studio buildout, part 4: so now about we talk microphones
I promised a microphone post today, and even though my arms are all cranky at me for rebuilding the front porch all week, MICROPHONES IT IS!
The porch looks good, by the way.
yeaaaaah, not hardly
First, I have to confess; this is way less DIYish than the previous few posts have been. Why? Because you really don’t want to be building microphones. Sure, you can, and if you want to, go for it! If you’re starting from scratch – actually building a microphone instead of just repurposing an existing mic – you’ll probably want to start with an old-school carbon or button microphone, the sort that were used in telephones for decades and decades. You’ll find yourself wandering down all sorts of crazy paths including flame speakers, which are awesome and totally dangerous.
Also, fully endorsed by the Fire Nation Broadcasting Network. But I digress.
Actually less cool
But let’s say you’re looking for a cheap way to do some recording. There are a few things you need to know. First! You’ll need an external sound card. We’ll talk in more detail about why, in another entry – there are lots of reasons. It’ll need to support phantom power, and other other features, but the most important for right now is that you’ll need an interface that accepts this kind of plug:
This is the standard for professional audio. It’s a three-wire cable that carries something called a “balanced signal,” wherein noise spikes picked up by the cable are intrinsically neutralised without any active circuitry. It’s really clever and if you didn’t understand that, don’t worry about it. You just need to know what kind of connector that is.
There’s also a five-wire stereo variant, but I’m the only person I know who has a five-wire microphone, and I had to build my own interface cable to break it into a pair of XLR mono cables. You’ll probably never run into a microphone that uses it.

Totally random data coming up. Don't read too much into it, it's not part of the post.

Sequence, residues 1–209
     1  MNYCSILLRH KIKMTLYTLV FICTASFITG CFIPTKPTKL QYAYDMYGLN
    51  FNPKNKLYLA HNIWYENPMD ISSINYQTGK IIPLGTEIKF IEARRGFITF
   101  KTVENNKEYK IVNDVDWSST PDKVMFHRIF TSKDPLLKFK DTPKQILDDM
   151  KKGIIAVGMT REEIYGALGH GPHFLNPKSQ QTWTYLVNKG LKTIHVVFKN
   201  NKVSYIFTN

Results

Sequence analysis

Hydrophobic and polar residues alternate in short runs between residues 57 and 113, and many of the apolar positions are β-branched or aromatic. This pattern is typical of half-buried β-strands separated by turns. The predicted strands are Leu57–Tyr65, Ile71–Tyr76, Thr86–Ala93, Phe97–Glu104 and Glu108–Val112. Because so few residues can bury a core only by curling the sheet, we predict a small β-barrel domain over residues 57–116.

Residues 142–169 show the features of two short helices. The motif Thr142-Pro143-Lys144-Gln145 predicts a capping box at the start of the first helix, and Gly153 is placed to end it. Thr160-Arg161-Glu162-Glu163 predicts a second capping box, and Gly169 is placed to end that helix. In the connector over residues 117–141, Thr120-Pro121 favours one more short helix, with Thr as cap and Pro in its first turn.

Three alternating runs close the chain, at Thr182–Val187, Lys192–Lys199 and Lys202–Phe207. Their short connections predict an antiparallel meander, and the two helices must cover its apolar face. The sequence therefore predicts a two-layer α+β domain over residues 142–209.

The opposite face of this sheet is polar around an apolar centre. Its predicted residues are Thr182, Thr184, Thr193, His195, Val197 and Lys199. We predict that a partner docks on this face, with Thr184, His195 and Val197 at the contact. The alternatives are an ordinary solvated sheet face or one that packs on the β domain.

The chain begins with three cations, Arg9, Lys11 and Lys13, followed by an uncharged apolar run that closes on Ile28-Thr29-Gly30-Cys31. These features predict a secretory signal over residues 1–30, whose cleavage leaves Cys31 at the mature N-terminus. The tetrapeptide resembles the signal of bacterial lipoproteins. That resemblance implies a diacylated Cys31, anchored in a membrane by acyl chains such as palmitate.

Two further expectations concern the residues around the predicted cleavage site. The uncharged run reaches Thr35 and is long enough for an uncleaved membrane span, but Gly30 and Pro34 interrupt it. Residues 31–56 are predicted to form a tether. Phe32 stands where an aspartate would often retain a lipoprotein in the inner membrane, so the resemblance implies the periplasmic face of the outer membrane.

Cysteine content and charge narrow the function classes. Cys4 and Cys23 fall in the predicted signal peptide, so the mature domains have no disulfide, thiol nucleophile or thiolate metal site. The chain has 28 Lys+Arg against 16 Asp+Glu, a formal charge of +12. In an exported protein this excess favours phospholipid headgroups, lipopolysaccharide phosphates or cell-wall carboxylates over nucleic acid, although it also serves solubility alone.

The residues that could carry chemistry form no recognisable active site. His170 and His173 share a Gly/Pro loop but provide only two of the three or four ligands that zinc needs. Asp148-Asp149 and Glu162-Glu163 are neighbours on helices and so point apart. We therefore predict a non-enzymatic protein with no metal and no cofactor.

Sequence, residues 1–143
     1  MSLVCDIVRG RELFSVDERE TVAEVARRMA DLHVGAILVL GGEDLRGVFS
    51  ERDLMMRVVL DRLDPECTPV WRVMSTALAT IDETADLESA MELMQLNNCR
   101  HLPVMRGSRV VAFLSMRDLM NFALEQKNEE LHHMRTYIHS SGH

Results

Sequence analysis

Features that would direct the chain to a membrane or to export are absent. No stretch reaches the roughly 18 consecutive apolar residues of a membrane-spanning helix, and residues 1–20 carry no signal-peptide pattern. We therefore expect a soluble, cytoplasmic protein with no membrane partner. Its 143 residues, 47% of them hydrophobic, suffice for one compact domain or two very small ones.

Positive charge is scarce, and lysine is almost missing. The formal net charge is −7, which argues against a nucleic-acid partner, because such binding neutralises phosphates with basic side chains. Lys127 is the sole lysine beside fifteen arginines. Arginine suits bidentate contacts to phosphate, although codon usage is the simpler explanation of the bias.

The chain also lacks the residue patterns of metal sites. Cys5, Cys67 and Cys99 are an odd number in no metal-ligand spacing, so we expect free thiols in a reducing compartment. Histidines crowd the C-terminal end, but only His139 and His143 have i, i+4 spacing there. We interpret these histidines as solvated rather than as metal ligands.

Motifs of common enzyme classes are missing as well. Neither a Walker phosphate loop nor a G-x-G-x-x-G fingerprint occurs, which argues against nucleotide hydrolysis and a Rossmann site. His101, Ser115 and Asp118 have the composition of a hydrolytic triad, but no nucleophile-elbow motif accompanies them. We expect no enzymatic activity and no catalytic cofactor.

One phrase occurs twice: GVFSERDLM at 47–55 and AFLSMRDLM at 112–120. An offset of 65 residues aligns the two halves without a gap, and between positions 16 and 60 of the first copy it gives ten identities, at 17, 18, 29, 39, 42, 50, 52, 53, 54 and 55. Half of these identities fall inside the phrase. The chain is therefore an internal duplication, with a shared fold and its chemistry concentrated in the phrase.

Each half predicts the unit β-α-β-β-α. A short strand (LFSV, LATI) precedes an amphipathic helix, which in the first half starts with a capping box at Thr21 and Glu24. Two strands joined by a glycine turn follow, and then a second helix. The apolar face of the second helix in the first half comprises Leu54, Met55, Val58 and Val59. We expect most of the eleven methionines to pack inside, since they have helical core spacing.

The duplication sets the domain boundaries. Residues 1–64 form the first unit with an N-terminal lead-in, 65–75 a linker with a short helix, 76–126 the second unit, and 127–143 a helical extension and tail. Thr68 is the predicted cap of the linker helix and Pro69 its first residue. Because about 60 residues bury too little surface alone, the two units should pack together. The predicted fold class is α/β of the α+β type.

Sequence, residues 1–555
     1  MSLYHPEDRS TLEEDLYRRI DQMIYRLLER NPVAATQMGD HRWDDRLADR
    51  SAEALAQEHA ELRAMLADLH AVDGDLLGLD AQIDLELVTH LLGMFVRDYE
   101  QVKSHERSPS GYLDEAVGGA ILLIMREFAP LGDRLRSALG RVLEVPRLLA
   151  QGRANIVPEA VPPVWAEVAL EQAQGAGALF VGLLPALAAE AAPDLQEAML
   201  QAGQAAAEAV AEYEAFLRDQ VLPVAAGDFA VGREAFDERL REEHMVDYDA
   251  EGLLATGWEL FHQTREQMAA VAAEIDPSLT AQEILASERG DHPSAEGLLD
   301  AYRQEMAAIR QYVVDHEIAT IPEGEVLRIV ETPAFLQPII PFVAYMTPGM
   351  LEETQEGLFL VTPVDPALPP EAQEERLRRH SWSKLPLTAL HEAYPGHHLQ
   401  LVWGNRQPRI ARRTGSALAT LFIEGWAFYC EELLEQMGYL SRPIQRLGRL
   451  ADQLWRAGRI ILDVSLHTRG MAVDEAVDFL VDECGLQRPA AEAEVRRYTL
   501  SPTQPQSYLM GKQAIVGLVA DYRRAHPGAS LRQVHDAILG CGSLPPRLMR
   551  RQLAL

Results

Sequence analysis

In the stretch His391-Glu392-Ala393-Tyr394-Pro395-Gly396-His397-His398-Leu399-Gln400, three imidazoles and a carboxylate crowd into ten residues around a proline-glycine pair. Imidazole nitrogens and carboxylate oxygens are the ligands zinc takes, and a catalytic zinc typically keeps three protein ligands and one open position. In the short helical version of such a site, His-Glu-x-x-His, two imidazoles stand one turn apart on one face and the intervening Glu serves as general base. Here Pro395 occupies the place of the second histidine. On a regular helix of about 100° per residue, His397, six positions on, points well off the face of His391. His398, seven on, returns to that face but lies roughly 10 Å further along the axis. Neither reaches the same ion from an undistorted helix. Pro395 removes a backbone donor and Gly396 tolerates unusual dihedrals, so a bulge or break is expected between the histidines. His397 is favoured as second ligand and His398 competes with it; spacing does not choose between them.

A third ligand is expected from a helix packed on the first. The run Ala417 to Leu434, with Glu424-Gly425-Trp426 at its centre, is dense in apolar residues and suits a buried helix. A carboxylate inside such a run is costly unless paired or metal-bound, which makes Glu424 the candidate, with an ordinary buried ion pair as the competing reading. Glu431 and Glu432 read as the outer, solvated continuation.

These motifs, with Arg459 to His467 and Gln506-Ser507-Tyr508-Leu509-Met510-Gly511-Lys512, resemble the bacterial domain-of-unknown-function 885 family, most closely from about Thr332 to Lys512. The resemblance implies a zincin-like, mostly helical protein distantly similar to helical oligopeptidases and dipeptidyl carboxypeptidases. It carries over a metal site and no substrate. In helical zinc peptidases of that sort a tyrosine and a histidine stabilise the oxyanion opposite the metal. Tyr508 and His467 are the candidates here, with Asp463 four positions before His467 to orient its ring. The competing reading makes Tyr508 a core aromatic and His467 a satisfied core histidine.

You will, however, run into plenty of cheap microphones with cables like this:
Just walk away. Don’t even try. There are almost no microphones worth bothering with which even support this kind of connector. Not none – I own one of these exceptions, I use it for percussion – but this is rare enough that you almost certainly won’t run into it.
Now, with that out of the way, let’s talk about the microphones themselves.
There are several technology paths in microphones. Which is better for you and your recording depends upon environment and what you’re recording. Even old-school carbon microphones are still being made today, for specialty applications! You won’t run into one, unless you take apart a really old rotary-dial phone, but they’re out there.
What you will run into are:
- dynamic microphones
- small-can condenser microphones, and
- large-can condenser microphones
Let’s talk about these by technology class. Dynamic microphones are an older technology still in regular use live, and sometimes in studio. As a group, they’re durable and rugged. They don’t mind dampness too much. If you overload them with too much sound, you’re not going to do any harm as a result, so you see them fairly often in drum recording. They’re good at picking up sound in the immediate area of the microphone, but not sounds further away, which has both good and bad points. And at the low-professional end, where we’re talking, they’re bad at picking up subtleties.
The dirt-common models are the Shure SM-57 and SM-58, for instruments and vocals, respectively. They were a huge technological advance when invented, and are beloved by many older performers. The two models both have the same pickup inside, but different enclosures, which changes the sound.
The Shure SM58. You’ve seen this before.
Do you want one? Well, if you play out, it’s good to have an SM-58 in the studio to practice against, mostly because it’s really fond of amplifying your vocal plosives. If you don’t know what those are, put your hand in front of your mouth right now and say “plosive,” or “plant.” Feel that gust of air with the “Pl” sound? That’s a plosive, and an SM58 is pretty good at making those REALLY LOUD.